Nine in 10 respondents from 12 Arab region countries have negative views of the Islamic State terrorist group, according to a survey released this week by the Arab Center for Research and Policy Studies.
Eighty-nine percent of respondents reported negative views of the group, also known by the acronyms ISIL and ISIS, according to the 2015 Arab Opinion Index, which was conducted in 12 different Arab countries: Algeria, Morocco, Tunisia, Mauritania, Egypt, Sudan, Palestine, Lebanon, Jordan, Iraq, Saudi Arabia and Kuwait.
Seven percent of respondents said they have positive views of the group. Favorable views were equally divided among respondents who were “very religious” and people who are “not religious,” and were divided among supporters and opponents of the separation of church and state.
“In other words, support for radical extremist organizations in the Arab world, where it exists, is rooted in political grievances within the Arab region and its conflicts, and not in religious ideology,” an analysis accompanying the survey concluded.
Fifty-seven percent of respondents expressed fears toward Islamist political movements, while 36 percent said they had no such fears. Sixty-one percent said they have fear toward secular political movements, compared to 31 percent who had no fears.
Fifty-nine percent expressed a negative view of the Arab revolutions and the Arab Spring, compared to 34 percent who expressed a positive view. Those who had negative views cited the associated large-scale human losses, the spread of discord and chaos and lack of security, the collapse of states and state institutions, and instability more broadly.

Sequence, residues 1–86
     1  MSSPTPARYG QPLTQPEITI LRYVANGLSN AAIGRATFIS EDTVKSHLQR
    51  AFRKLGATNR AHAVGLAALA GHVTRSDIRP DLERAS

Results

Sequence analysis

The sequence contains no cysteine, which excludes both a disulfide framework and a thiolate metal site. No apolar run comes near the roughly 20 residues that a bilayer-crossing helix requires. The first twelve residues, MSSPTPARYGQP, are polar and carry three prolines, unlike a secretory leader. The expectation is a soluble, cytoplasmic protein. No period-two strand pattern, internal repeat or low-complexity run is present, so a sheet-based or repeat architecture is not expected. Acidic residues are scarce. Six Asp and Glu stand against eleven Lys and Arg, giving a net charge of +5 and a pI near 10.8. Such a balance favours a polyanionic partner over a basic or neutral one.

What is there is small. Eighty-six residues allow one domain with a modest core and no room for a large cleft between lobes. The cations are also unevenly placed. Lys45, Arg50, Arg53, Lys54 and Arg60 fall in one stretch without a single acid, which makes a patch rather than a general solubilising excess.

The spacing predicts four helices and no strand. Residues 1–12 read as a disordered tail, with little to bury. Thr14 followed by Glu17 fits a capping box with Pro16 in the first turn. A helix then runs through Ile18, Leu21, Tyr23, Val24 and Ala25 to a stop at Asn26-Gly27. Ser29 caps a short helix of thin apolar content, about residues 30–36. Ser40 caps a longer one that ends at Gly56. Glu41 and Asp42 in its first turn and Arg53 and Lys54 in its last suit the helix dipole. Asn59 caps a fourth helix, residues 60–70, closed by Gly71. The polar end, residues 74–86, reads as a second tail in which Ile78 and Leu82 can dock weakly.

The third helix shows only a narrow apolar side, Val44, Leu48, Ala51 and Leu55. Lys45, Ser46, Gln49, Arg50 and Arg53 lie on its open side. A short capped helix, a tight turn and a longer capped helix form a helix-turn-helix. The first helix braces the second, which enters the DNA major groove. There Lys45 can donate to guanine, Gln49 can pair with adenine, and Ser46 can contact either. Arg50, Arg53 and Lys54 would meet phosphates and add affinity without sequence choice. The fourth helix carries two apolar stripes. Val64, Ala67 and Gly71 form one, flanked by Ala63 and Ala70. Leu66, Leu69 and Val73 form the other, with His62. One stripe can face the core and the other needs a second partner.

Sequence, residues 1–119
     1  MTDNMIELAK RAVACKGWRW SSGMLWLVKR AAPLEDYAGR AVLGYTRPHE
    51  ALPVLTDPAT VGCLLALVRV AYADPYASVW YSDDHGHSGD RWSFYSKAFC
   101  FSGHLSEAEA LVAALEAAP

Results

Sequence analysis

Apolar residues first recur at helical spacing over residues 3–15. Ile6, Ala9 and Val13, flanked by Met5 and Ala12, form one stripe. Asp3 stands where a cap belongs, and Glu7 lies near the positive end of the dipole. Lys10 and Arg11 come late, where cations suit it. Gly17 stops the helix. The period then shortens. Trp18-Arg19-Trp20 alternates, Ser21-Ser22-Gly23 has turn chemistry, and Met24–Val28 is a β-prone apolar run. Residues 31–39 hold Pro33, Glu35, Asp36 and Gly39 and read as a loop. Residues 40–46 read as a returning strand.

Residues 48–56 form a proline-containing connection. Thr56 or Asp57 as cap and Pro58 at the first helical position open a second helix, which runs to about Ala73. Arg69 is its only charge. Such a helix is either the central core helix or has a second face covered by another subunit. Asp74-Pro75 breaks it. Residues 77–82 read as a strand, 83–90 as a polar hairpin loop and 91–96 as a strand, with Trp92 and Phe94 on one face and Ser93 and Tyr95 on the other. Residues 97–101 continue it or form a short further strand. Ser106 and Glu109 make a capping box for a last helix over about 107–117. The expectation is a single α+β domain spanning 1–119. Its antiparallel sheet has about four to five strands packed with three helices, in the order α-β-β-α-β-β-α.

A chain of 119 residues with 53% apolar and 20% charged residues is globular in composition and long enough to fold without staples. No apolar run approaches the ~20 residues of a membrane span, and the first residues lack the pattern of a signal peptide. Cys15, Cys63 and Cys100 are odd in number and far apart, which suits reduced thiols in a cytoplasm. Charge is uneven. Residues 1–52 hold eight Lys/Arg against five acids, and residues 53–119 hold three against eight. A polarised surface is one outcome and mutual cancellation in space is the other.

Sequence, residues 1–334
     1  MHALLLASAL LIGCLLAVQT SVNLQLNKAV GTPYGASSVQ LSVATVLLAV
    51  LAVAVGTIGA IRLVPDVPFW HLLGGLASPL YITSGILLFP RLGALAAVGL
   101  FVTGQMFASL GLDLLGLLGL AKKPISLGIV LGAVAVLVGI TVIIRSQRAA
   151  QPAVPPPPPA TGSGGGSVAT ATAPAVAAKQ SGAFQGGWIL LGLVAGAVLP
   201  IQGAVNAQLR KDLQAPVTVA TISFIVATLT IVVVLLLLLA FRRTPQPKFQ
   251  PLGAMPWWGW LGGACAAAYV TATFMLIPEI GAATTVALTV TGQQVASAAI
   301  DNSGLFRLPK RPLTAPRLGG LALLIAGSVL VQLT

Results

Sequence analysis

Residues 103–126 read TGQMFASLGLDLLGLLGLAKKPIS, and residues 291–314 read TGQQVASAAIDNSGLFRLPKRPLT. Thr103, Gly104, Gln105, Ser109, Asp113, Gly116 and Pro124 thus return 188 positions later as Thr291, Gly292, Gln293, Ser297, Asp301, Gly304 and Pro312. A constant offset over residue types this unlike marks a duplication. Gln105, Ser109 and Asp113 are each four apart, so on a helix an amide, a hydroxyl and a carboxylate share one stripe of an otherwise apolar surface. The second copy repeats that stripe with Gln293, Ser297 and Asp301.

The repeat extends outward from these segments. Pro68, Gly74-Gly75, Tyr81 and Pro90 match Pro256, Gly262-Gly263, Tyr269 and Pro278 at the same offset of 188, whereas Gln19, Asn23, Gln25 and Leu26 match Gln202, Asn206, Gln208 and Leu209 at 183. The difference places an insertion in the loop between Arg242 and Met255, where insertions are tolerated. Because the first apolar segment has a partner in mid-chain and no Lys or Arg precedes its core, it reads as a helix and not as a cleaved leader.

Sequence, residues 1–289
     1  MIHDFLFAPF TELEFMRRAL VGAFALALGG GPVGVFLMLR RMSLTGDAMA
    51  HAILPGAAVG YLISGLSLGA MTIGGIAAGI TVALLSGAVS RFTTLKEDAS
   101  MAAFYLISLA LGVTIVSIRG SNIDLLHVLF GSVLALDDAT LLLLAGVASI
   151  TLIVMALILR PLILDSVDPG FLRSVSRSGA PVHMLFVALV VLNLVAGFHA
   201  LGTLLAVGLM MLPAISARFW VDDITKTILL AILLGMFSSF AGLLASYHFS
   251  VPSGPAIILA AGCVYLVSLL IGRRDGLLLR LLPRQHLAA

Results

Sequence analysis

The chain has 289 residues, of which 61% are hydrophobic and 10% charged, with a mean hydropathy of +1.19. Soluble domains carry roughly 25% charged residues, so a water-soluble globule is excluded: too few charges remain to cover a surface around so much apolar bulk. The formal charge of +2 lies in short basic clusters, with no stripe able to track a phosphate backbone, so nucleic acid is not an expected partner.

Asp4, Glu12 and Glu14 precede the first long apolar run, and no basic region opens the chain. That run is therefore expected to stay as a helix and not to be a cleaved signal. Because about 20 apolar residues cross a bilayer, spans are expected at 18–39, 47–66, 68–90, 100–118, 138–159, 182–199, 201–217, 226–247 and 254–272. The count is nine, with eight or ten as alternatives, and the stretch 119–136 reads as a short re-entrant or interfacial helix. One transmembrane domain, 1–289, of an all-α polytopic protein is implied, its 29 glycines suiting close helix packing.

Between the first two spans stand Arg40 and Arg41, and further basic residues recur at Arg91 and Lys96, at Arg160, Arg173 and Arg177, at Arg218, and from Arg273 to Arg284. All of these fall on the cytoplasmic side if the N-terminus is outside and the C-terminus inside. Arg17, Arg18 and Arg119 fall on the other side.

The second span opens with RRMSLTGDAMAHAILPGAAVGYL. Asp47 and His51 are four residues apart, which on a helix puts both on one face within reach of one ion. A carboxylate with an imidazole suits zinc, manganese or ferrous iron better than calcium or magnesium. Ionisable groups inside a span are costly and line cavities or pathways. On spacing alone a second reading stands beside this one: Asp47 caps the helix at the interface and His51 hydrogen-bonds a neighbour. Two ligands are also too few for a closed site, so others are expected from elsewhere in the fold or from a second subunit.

“The fact that large groups of Arab respondents fear the rise and ascendancy of both Islamist and non-Islamist/secular political movements is a reflection of the discord and disarray among Arab political movements and the partisanship and conflicts between Arab political movements,” said Dr. Mohammad Almasri, coordinator of the Arab Opinion Index who supervised the survey.
“Respondents who have expressed their fears of both or one side have stated clear and specific reasons for that,” he said. “Given these public attitudes, the lack of consensus between these two broad categories of political movements, and their inability to reduce public fear towards them, can be exploited by anti-democratic forces to agitate for a return to authoritarianism, and will therefore prove to be an obstacle on the path to democratization.”
Respondents were divided on what they think is the most important measure for combating the Islamic State group and armed terrorists in general. Twenty-eight percent said supporting democratic transition in the region, 18 percent said resolving the Palestinian cause, 14 percent said ending foreign intervention and 14 percent said intensifying the military campaign against the group, and 12 percent said “solving the Syrian crisis in line with the aspirations of the Syrian people.”
Sixty-two percent said a change in the Syrian regime is the preferred way to end the ongoing crisis in the country.
On the Iranian nuclear deal, 40 percent of respondents said they support it and 32 percent said they oppose it.
Iran was judged the biggest winner of the deal by 32 percent of respondents, followed by the United States at 31 percent, Israel at 15 percent, and the Arab countries in general at 8 percent. Thirty-eight percent said the Arab countries were the largest losers in the deal.
The survey was based on 18,311 face-to-face interviews conducted between May and September.
• David Sherfinski can be reached at email@example.com.
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